Arbortech Group Test
Thursday 04 September 2008
Mark Baker gives his views on this range of Arbortech tools
Power carving is a way of working that is either accepted as a great way of profiling and bulk removing wood prior to final fine detail work, or it is totally shunned as noisy and mucky.
Power carving products are capable of fine finishing and fine detail if they are used for more than just the cursory rough removal of timber. To that end, it is the Arbortech cutter range that I am going to look at here - the products have four types of cutting blades to suit projects of all sizes.
Pro 4 kitThe kit comprises of a shield and a cutter - its teeth resemble a chainsaw - and fits a standard 115mm (4 1/2in) grinder. The assembly instructions are easy to follow but I have to admit that using these can be noisy and one should consider the weight of the grinder. Take regular breaks when using these items and always wear eye and lung protection. Also consider wearing ear protection.
The cutters will respond directly to the angle of approach and how heavy-handed you are. In my opinion, this is a nice product to start with, it is not too taxing on the wallet and it will last. However, I could not work out how to effectively resharpen the tool, but the manufacturers have taken this into account and a replacement blade is available.
The guard allows a maximum depth of cut of about 13mm (1/2in) and this is where I have an issue with the kit. Safety is all-important and having cutters running unguarded is riskier than when shielded but the shields do limit what one can do. Also, some grinders do not allow the rear metal shield to be rotated round so the plastic guarding can be used at the correct position. It might be difficult but if fitted correctly, it should look like the image above.
So to use a guard or not is the question. Without a guard, the user can cut deeper and use varying angles which will influence the finish but without a guard, more mess will be created from the chips. I would recommend the guard in place as this tool is primarily useful for rough initial shaping.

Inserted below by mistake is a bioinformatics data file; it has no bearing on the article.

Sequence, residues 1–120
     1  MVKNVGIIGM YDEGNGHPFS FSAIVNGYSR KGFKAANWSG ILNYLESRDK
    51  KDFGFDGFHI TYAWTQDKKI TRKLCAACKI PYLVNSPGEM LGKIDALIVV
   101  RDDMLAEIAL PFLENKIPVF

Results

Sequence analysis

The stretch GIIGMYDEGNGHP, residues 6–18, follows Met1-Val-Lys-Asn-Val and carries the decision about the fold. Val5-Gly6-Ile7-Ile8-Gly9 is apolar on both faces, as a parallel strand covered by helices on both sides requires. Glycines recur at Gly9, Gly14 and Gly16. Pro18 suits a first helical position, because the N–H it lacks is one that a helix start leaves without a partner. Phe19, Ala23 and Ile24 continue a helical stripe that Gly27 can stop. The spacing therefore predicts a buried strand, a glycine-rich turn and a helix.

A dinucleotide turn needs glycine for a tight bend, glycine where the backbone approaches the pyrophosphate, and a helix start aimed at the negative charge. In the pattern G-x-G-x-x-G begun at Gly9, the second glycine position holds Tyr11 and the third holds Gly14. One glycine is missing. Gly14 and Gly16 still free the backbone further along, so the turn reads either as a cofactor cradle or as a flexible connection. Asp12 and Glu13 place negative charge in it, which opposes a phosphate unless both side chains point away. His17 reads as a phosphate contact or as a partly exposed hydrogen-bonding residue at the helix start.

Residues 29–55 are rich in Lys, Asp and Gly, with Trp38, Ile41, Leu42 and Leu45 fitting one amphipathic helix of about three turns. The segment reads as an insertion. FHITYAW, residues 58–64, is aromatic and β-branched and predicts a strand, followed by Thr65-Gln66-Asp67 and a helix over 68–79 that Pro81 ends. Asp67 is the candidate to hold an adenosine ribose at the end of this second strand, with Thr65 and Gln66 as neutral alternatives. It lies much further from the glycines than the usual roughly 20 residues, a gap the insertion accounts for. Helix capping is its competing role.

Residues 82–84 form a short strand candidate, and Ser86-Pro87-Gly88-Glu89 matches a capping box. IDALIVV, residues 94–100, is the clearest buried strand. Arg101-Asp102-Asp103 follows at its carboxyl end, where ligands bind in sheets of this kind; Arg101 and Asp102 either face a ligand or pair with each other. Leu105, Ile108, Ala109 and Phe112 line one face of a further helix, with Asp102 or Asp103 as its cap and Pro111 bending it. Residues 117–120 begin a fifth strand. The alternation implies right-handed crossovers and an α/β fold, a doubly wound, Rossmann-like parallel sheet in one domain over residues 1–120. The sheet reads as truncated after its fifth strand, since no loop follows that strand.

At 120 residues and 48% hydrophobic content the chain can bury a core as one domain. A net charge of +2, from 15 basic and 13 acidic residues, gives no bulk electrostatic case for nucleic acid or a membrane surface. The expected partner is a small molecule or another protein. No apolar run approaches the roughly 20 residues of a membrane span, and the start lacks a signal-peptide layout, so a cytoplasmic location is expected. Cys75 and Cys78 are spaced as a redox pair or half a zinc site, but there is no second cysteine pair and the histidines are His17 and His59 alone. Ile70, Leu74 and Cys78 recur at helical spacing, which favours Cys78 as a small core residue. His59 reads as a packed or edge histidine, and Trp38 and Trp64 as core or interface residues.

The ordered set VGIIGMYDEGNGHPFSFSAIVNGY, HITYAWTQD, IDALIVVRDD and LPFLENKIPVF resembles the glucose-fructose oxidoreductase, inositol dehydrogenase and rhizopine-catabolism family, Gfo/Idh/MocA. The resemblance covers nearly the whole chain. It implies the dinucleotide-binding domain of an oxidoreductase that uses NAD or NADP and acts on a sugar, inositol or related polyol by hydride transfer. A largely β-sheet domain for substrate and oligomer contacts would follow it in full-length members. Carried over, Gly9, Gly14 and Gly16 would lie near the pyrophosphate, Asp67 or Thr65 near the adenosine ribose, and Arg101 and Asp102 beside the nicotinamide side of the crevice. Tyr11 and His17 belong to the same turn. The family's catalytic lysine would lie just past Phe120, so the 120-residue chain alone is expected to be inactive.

Industrial pro kitThis kit features the same guarding as the Woodpro unit and fits on a 115mm (4 1/2in) angle grinder, but the blade is totally different. The cutter sports three tungsten carbide tips which are held in place with machine screws. They can be rotated when an area becomes blunt so one has the benefit of the full 360 degrees of cutting edge life and they are replaceable.
This tool has flexible uses and cuts faster than the Woodpro. As mentioned before, using the guard limits the cuts so to get the most from this tool, I removed the guard to get great slicing plunge cuts. When the blade is presented at a shallow angle, gentle skimming cuts are possible and a fine finish can be achieved which required little sanding prior to applying a finish.
The teeth are about 10mm (3/8in) in size and round in profile so this too is not a fine detailing tool, but the main image gives an idea of the finishing and degree of control this tool can offer. Pressure used in the cut and angle approach will alter the finish and severity of cut. I have not experienced a grab with this tool over many years of usage.
Of the two, this is more expensive but in my opinion, it is more user-friendly. It can be used at a greater degree and copes with both dense and soft timbers with ease. I have been using this one for many years and it has flexible uses.
Mini industrial cutterThis cutter is around 50mm (2in) in diameter so is excellent for small workshop carvings. It fits into either the Arbortech mini carver extended nose, which fits a 115mm (4 1/2in) grinder angle, or in a small angle grinder/sanding unit like the Proxxon long nose grinder.
It sports two teeth, non replaceable, and has a rounded cutting edge so cannot cut V cuts, but it can trench quickly in both hard and softwoods. Care should be taken, however, not to remove too much too quickly.
The price of this blade is inexpensive but you will need either the mini-grinder attachment kit or a Proxxon, or similar unit to use it.
VerdictThese tools worked well. I favour the industrial units over the Woodpro 4 because they afford me, as a user, more variety in how the units can be used and the finished achieved with them.
If you ever have the chance to use one, do! They do not replace hand skills but they do allow one to get to a form that can be either left as is or finished off later by hand.